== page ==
On October 10, 2020, President Donald Trump issued a Presidential Proclamation announcing further action to safeguard domestic production of crystalline silicon photovoltaic (CSPV) cells (i.e., solar cells). In June 2018, the president implemented tariffs on imports of certain solar cells (see Update of January 23, 2018) under Section 201 of the Trade Act of 1974 for a four-year period. The tariffs started at 30 percent the first year but were set to decrease 5 percent annually. The remedy implemented in 2018 excluded certain types of solar cells, such as 2.5 gigawatts (GW) CSPV cells.
In March 2020, the U.S. International Trade Commission (USITC) issued a report addressing the probable economic effect on the domestic solar cell manufacturing industry of modifying the Section 201 safeguard measure to increase the level of the tariff rate quotas (TRQ) on CSPV cells from the current 2.5 GW to 4.0, 5.0, or 6.0 GW. The USITC advised that increasing the TRQ “would help to continue growth in solar module production but that expanded access to imported cells not subject to safeguard duties would put downward pressure on prices for United States cells.” The report concluded that “the exclusion of bifacial modules from the safeguard measure will likely result in substantial increases in imports of bifacial modules if such exclusion remains in effect” and that these bifacial modules would compete with domestically produced CSPV products and “apply significant downward pressure on prices of domestically produced CSPV modules.”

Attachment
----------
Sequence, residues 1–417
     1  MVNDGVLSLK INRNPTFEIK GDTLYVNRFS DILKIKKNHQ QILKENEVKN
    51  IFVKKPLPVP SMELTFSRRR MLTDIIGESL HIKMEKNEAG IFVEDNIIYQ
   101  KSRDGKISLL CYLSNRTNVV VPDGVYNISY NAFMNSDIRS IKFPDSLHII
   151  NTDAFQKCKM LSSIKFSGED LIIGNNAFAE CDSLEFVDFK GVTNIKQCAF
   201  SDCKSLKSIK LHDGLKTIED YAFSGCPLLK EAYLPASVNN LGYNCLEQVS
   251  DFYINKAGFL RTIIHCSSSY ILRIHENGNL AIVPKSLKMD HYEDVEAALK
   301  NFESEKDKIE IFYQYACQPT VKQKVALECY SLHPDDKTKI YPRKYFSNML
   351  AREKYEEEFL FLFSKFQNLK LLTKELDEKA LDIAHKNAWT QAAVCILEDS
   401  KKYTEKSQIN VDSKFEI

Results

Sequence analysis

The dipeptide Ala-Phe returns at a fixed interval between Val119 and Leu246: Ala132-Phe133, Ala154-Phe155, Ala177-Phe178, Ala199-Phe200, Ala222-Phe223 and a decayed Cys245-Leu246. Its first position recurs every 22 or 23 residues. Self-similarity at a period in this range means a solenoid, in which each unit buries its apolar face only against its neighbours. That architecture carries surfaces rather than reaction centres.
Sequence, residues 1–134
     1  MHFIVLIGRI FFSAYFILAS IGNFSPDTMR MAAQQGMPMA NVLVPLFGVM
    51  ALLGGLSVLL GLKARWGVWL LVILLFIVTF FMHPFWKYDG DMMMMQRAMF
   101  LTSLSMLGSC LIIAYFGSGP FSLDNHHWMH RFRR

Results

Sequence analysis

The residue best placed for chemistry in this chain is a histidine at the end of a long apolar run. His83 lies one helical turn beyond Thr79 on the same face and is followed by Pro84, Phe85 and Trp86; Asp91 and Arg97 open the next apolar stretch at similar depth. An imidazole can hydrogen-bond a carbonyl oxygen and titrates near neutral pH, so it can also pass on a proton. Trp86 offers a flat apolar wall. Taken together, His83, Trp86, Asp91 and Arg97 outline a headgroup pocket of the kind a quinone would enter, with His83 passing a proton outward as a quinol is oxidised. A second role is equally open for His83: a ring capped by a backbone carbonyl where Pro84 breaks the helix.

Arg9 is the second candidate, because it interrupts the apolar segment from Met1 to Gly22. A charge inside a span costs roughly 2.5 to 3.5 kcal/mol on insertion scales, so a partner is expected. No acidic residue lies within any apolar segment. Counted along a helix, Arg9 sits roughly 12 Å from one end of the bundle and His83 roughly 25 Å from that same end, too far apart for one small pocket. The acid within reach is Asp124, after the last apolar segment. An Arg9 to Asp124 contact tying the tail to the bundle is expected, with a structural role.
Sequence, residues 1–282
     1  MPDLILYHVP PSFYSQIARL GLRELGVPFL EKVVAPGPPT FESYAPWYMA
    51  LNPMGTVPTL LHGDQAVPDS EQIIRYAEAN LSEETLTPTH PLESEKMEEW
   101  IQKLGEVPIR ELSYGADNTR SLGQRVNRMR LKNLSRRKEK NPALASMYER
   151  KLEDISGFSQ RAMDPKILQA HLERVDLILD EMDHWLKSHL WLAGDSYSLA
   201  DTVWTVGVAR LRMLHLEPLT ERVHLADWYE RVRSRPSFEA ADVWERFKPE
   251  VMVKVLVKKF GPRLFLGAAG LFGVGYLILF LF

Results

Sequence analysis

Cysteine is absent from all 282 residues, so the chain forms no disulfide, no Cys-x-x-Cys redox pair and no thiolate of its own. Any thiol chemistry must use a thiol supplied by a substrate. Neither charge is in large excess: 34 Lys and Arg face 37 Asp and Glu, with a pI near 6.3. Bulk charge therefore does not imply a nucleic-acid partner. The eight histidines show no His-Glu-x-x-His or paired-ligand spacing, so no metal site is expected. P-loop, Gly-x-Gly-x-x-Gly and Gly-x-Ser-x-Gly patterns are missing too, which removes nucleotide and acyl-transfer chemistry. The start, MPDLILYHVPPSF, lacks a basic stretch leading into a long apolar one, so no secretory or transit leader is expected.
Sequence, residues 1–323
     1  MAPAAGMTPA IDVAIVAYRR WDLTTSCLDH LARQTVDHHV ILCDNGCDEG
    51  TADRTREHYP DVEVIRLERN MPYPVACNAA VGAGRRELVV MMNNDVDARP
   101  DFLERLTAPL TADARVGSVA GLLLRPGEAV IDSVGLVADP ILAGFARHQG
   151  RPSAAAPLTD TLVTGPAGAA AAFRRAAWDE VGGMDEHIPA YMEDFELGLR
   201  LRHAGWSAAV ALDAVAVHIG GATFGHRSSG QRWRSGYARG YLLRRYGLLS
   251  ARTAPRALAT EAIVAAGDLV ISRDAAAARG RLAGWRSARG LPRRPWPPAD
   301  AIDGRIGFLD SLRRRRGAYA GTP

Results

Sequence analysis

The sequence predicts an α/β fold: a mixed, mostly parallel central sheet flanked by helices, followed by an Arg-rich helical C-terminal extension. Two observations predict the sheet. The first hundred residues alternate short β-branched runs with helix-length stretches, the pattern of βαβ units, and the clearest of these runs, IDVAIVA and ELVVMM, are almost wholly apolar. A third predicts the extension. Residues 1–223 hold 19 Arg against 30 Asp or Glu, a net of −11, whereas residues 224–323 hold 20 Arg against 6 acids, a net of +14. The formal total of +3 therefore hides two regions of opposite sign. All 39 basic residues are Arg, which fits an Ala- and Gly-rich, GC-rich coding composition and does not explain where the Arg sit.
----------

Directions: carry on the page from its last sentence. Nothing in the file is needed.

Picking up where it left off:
Accordingly, the Presidential Proclamation announced that while the domestic industry “has begun to make positive adjustment to import competition,” modifications to the safeguards are necessary for imports of CSPV cells under Harmonized Tariff Schedule (HTS) subheading 8541.40.6025 and other CSPV products, such as modules under HTS subheading 8541.40.6015. The proclamation revokes the exemption from the tariffs for bifacial modules and adjusts the duty rate of the safeguard tariff for the fourth year of the safeguard measure to 18 percent instead of the previously scheduled rate of 15 percent.